The landscape surrounding the Leopold Shack and Farm informed the vision put forth by Leopold in his conservation classic, A Sand County Almanac, including his call for a “land ethic” – a caring, ethical relationship between people and nature.
Today, thousands of visitors each year are inspired through tours, classes, and other events in the same landscape that inspired Leopold. The site is a living classroom for exploring the ecological and ethical relationships between people, and the soil, water, plants, and animals that collectively make up “the land.”
In the winter of 1935, Aldo Leopold went down a two-track, sand road in search of land for a family hunting camp. Alongside the Wisconsin River, he found a worn out farm available for eight dollars per acre.
Running against all cultural norms, he bought the bleak, windswept place rather than seeking richer land someplace else. The decision proved pivotal to Leopold’s family, his relationship to the land, and the millions of readers who’ve since been moved by A Sand County Almanac.
In recognition of the property’s exceptional historic value to the nation as a whole, in 2009 the National Park Service designated the Shack and Farm a National Historic Landmark.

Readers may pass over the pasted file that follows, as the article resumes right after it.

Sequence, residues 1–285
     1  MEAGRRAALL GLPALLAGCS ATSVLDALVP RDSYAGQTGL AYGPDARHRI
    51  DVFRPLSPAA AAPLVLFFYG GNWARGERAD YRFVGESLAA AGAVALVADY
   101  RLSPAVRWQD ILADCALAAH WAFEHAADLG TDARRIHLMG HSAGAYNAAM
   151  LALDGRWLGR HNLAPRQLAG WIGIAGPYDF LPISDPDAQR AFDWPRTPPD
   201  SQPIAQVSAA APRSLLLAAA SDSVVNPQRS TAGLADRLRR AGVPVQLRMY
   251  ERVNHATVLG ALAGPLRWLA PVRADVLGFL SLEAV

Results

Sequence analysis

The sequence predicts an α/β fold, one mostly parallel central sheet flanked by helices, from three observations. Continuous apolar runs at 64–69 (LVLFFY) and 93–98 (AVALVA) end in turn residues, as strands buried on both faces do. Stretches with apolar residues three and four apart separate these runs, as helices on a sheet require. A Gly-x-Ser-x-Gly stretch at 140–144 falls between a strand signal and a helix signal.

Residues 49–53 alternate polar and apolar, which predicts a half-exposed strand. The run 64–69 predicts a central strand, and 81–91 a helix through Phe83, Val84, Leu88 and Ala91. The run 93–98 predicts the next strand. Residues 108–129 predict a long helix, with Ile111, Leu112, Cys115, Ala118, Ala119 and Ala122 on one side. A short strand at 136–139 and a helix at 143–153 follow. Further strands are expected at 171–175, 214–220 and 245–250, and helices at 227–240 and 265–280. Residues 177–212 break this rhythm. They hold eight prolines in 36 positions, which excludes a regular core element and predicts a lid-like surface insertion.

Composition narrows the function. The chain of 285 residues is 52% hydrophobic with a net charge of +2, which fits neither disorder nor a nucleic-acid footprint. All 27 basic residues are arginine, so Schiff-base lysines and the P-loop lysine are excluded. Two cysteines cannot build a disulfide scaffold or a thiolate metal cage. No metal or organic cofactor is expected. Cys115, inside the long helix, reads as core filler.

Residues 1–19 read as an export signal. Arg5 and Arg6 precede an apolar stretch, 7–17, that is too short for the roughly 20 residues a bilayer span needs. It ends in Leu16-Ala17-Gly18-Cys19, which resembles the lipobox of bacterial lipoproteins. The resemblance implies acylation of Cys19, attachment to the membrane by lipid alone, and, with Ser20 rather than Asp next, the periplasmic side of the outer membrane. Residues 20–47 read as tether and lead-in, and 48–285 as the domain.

Did Leopold realize the abandoned farm’s potential at the outset? No one knows for certain, but soon the family embraced the farm as a new kind of workshop or laboratory – a place to tinker and experiment with restoring health to an ailing piece of land.
It was the sort of land common to a nation long obsessed with homesteading and suddenly stricken by the Great Depression and Dust Bowl, twin specters of economic and natural catastrophe that shook the United States in the 1930s.
During weekends and breaks from school, Leopold, his wife Estella, and their five children lived close to the land. By fixing up their dilapidated chicken coop, they created a home away from home. They also tended a garden, cut firewood, and planted trees – eventually, some 40,000.
Doomed by Dust Bowl droughts, more than 95 percent of the pines planted by the Leopold family died in the early years. Yet the family persevered, and planting at the farm became a rite of spring. Thousands of pines and other plantings eventually thrived, transforming the landscape into the mosaic of conifers, hardwoods, and prairie that visitors see today.